Power, Penske lead second practice at Long Beach


After Honda dominated the opening practice for Sunday’s Toyota Grand Prix of Long Beach, it was Chevrolet that seized control in second practice. Team Penske’s Will Power put his No. 12 Verizon entry atop the time charts in the afternoon with a lap of 1:07.08, almost three tenths of a second faster than anyone else. Power’s quick lap came in the second half of the session, which many drivers spent running on the softer red tires to prepare for qualifying tomorrow. “The car’s not bad,” Power told NBCSN’s Marty Snider after the session. “We’ll see when qualifying comes. I feel we found a better balance on the car.”

Honda continued to show strong pace, however. Andretti Autosport’s Marco Andretti ended the session in second, again showing a vast improvement over his 2016 form. “We’re confirming what we’ve seen through testing. I don’t remember feeling this strong in the offseason,” he told NBCSN’s Kevin Lee when asked about his increased speed.

Simon Pagenaud made it a Penske 1-3 by ending the day third, while Takuma Sato and Ryan Hunter-Reay ended up fourth and fifth, putting three Andretti Autosport cars in the top five. Hunter-Reay explained that the team’s engineering is working very closely, which has helped address their struggles on street courses. “Now we’re all in one truck and it’s different now,” Hunter-Reay told NBCSN’s Katie Hargitt. “We’ve put the engineering units into one. We’re picking up where we left off.

The session ran relatively cleanly, although there was a brief red flag in the final minutes for Tony Kanaan, who overshot turn one and stalled in the runoff area. While Kanaan was restarted and finished the session, it capped an eventful day for the Chip Ganassi Racing driver, who brushed the wall on an earlier run and needed to pit for repairs before continuing.

Times are below. Practice 3 rolls off at 1:45 ET (10:45 local time).

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Meyer Shank Racing wins Petit Le Mans to take final DPi championship in dramatic finale


Meyer Shank Racing outdueled Wayne Taylor Racing to win the Petit Le Mans and clinch the championship in a thrilling final race for the DPi division.

Tom Blomqvist, who started from the pole position, drove the No. 60 Acura ARX-05 to a 4.369-second victory over Pipo Derani in the No. 31 Action Express Cadillac.

“That was incredible,” Blomqvist told NBC Sports’ Matt Yocum. “I’ve never dug so deep in my life. The adrenaline. I did that for the guys. I was so motivated to win this thing this weekend. But I’ve got to thank everyone on the whole team.”

With co-drivers Oliver Jarvis and Helio Castroneves, Blomqvist helped MSR bookend its season-opening victory in the Rolex 24 at Daytona by winning Saturday’s IMSA WeatherTech SportsCar Championship season finale at Michelin Road Atlanta.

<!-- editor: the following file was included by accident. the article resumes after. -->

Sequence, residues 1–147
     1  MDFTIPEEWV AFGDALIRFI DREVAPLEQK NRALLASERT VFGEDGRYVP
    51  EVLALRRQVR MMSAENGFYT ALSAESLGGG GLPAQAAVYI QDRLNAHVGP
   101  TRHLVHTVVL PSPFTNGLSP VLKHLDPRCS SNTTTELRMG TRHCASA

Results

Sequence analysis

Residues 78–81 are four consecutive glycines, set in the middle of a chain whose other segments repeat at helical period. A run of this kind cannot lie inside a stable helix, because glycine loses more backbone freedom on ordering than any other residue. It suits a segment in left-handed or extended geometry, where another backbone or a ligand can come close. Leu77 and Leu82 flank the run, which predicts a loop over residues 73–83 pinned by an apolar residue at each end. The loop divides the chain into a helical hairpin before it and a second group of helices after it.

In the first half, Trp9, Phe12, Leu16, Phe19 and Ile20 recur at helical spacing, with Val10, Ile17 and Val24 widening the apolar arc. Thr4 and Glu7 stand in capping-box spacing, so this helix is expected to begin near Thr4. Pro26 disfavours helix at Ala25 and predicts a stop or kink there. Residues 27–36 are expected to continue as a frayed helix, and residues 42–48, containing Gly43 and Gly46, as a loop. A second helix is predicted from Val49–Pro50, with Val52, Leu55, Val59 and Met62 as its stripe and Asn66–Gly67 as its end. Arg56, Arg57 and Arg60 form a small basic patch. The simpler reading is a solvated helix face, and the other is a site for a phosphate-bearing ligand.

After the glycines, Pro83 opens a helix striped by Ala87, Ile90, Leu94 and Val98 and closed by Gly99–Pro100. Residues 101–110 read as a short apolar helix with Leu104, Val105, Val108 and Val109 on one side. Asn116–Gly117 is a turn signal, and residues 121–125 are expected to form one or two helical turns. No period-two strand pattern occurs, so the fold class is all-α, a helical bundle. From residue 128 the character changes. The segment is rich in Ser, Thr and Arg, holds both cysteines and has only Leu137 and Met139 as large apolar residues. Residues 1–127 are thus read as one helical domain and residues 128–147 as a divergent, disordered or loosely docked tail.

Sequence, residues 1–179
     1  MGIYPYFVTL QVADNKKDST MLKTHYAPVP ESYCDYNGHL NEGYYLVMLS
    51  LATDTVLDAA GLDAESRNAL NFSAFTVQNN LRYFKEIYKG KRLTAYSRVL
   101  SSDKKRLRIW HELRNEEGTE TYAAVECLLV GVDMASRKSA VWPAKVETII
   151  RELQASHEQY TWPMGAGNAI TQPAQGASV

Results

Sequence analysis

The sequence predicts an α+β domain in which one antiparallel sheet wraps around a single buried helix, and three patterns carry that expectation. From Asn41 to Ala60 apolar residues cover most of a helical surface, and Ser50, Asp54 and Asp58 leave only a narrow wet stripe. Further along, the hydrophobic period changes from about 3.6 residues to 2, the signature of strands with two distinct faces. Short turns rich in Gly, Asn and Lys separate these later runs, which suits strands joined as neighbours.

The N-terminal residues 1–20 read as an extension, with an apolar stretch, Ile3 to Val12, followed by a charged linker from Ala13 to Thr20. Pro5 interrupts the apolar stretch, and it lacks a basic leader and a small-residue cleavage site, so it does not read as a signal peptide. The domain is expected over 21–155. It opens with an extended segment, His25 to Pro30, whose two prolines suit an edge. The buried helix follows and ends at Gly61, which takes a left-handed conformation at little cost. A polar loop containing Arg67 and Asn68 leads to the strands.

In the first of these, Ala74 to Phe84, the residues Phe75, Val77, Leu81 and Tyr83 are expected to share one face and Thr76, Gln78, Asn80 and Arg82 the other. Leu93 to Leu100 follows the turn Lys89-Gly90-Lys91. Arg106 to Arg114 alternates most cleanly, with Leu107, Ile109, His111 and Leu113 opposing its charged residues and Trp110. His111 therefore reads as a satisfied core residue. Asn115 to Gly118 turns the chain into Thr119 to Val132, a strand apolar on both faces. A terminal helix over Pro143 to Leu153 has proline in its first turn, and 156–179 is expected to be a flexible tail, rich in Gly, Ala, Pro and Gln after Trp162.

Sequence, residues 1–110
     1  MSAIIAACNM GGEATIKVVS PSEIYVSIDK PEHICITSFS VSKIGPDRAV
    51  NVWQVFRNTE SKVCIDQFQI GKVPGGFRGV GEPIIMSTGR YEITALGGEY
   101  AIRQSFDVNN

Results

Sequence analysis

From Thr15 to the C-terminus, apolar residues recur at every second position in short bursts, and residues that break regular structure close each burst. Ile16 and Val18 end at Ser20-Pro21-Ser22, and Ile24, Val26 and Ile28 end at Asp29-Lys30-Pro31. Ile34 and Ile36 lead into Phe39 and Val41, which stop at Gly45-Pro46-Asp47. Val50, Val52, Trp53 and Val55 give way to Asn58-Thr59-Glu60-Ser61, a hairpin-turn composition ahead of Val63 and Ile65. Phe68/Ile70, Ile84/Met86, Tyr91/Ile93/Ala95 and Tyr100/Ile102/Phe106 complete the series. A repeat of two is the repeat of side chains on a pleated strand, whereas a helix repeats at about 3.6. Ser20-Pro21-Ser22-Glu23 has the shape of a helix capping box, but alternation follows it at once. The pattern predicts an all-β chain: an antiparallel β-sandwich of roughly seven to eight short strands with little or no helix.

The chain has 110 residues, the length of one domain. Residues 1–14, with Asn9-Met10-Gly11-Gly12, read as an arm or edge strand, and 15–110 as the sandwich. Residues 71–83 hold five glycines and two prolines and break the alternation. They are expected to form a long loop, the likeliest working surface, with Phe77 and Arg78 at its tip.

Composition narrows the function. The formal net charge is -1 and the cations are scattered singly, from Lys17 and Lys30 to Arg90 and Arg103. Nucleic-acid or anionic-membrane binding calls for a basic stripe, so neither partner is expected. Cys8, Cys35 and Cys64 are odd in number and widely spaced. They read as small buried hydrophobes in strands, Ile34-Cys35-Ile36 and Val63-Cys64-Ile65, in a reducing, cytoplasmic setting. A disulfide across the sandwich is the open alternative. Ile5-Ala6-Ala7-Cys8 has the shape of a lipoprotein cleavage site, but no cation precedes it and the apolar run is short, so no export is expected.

In between those two victories, the No. 60 earned five runner-up finishes to stay in the thick of the championship hunt and trail WTR’s No. 10 Acura by 14 points entering Saturday’s race.

WTR’s Filipe Albuquerque had a lead of more than 10 seconds over Blomqvist with less than 50 minutes remaining in the 10-hour race.

But a Turn 1 crash between the Chip Ganassi Racing Cadillacs brought out a yellow that sent both Acuras into the pits from the top two positions.

Though he entered in second, Blomqvist barely beat Albuquerque out of the pits, and he held the lead for the final 45 minutes.

Blomqvist said he gained the lead because of a shorter fuel fill after he had worked on being efficient in the second-to-last stint.

“The team asked a big job of me with the fuel; I had a big fuel number to hit,” Blomqvist said. “We knew that was probably our only chance. The yellow came at the right time and obviously we had a bit less fuel to fill up, so I was able to jump him and then it was just a matter of going gung-ho and not leaving anything on the line. And obviously, the opposition had to try too hard to make it work. I’m so thankful.”

Albuquerque closed within a few car lengths of Blomqvist with 14 minutes remaining, but he damaged his suspension because of contact with a GT car in Turn 1.

It’s the first prototype championship for Meyer Shank Racing, which also won the 2021 Indy 500 with Castroneves.

“We’ve had in the last four years, three championships for Acura, the Indy 500 win and the Rolex 24, it doesn’t get any better,” team co-owner Mike Shank told NBC Sports’ Kevin Lee.

It’s the third consecutive runner-up finish in the points standings for Wayne Taylor Racing, which won the first Daytona Prototype international championship in 2017. The premier category will be rebranded as the Grand Touring Prototype (GTP) class with the LMDh cars that will establish a bridge to racing in the 24 Hours of Le Mans.

Kamui Kobayashi finished third in the No. 48 Cadillac of Action Express that also includes Jimmie Johnson and Mike Rockenfeller.

The podium showing marked Johnson’s last scheduled race in IMSA’s top prototype division. The seven-time NASCAR Cup Series champion has raced in the No. 48 Ally Cadillac lineup as the Action Express entry has run the Endurance Cup races.

Johnson said a lack of inventory will preclude him having a 2023 ride in the top category. But he still is hopeful of racing the Garage 56 Next Gen Camaro in next year’s 24 Hours of Le Mans and possibly running in a lower class for the Rolex 24 at Daytona.

“I’d love to be at Le Mans next year,” Johnson told NBC Sports’ Dillon Welch after his final stint Saturday. “I’d love to be at the Rolex 24. The series is going through a shake-up with the reconfiguration of the rules and classes, so I don’t have anything locked down yet, but I’m so thankful for this experience with Action. The support Ally has given us, Mr. Hendrick, Chad Knaus, all of Hendrick Motorsports. It’s been a fun two years, and I certainly hope I’m on the grid again next year.”